[OPE-L] Grundrisse. Help

From: Jurriaan Bendien (adsl675281@TISCALI.NL)
Date: Sun Jul 23 2006 - 07:39:10 EDT

David Yaffe asked:

How does the term valorisation vaguely help? How would a person  reading
Capital for the first time understand that concept without explanation?
Please address the problem raised - is not 'reproduction and expansion' of
capital etc far more helpful in understanding what Marx was talking about?
Why was Engels satisfied with this translation?


I don't mind if you translate it as "reproduction and expansion", insofar as
it is clear from the context what's intended anyway (presumably that was
Engels's judgement), but technically my answer would be as follows:

(1) the reproduction and increase in the value of a capital asset, in Marx's
theory, does not necessarily involve production directly, whereas
"Verwertung" refers specifically to the process whereby a sum of capital
gains in value through its application in the production process, with the
aid of living, value-forming labour.

(2) The corollary of this particular gain in capital value, is a net
addition to wealth, rather than an accumulation of capital which occurs
merely through a redistribution of existing wealth.

(3) The concept of "Verwertung" thus refers specifically to *production
capital* that yields new surplus-value, which is the objective foundation
for the expanded reproduction of total social capital. But production
capital is only one form of capital.

(4) The concept of "Verwertung" implies a "reproduction of capital"
exclusively, and only insofar, as an "expansion of capital" occurs, i.e. the
fact that capital is "valorised" means precisely that a capital value is
replaced through production in such a way that its value is larger than at
the outset. So "Verwertung" at best refers *only* to expanded reproduction,
even so it refers to only *one specific facet* of expanded reproduction,
namely the augmentation of capital value within the direct production
process, prior to exchange.

(5) "Entwertung" (devalorisation) which is the opposite of  "Verwertung" is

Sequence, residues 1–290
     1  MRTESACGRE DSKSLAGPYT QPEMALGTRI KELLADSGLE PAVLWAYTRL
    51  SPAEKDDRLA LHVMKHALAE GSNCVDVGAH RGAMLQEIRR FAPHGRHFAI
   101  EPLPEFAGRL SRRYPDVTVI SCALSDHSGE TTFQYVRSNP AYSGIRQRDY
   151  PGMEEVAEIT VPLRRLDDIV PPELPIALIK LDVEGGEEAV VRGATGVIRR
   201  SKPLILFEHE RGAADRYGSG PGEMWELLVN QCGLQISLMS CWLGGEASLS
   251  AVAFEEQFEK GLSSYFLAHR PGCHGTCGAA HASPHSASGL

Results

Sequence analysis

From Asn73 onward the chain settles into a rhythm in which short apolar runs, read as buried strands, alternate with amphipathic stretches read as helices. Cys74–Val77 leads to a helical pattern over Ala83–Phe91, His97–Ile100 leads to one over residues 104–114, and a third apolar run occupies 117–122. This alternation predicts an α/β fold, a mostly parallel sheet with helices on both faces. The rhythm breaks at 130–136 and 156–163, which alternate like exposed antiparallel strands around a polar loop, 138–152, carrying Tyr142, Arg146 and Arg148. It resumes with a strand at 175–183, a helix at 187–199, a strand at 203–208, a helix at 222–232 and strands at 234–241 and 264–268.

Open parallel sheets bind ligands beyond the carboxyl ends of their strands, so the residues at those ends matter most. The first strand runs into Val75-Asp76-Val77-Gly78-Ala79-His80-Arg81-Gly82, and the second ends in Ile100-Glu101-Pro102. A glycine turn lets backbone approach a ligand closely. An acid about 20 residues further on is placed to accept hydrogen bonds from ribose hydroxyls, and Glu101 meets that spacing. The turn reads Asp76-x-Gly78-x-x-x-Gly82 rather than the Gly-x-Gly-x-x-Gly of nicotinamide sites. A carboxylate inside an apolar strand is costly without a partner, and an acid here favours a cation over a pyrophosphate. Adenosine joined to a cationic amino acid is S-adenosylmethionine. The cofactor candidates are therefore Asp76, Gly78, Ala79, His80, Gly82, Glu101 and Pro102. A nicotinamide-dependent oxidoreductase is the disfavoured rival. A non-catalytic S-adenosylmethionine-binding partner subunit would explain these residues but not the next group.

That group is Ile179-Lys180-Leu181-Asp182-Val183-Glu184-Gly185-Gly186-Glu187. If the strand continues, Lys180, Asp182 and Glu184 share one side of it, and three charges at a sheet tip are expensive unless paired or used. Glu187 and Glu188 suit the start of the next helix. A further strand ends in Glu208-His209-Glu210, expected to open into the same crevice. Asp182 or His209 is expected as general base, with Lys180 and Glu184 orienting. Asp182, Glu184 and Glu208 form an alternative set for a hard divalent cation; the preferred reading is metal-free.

really just as important, it implies a loss of capital value specifically
due to the lack of application of labour, or an insufficient productivity of
labour. But it is not accurate to express that opposite as "the failure to
reproduce and expand", because we are talking specifically about a
*negative* reproduction, i.e. a loss of capital value.

(6) Marx uses the Verwertung/Entwertung polarity both at the micro and macro
levels - i.e. capital enters the sphere of production, if it can valorise
itself there, and exits from that sphere if it cannot, and once it is tied
up in that sphere it seeks the highest yields. The possibility of
valorisation depends specifically on the exploitability of labour, the
question is, how can labour be organised so that capital value increases in
value, rather than reduces in value, how big is the yield from the
employment of labour.

I agree, the term "valorisation" does not sound like good English (and it
seems to refer to "valor"), nevertheless valorisation of capital in Marx's
theory is not the same as:

- (self-)expansion of capital
- reproduction of capital
- realisation of capital
- creation of surplus value
- accumulation of capital

In some fundamentalist Marxist theories, such as Paul Mattick's, these
concepts are unfortunately badly confused, suggesting that a closer
specification of what they mean could be helpful for a better analysis.
Since Mattick could read German fluently, I suppose you could also partly
blame Marx for vagueness, but actually with regard to Verwertung Marx is
pretty clear throughout.



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